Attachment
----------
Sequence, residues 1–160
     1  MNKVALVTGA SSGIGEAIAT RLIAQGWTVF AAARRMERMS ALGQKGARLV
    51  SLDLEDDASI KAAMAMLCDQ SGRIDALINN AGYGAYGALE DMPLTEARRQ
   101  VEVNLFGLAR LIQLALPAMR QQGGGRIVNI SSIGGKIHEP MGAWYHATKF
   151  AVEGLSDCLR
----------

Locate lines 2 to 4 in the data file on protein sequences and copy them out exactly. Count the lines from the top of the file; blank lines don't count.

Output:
     1  MNKVALVTGA SSGIGEAIAT RLIAQGWTVF AAARRMERMS ALGQKGARLV
    51  SLDLEDDASI KAAMAMLCDQ SGRIDALINN AGYGAYGALE DMPLTEARRQ
   101  VEVNLFGLAR LIQLALPAMR QQGGGRIVNI SSIGGKIHEP MGAWYHATKF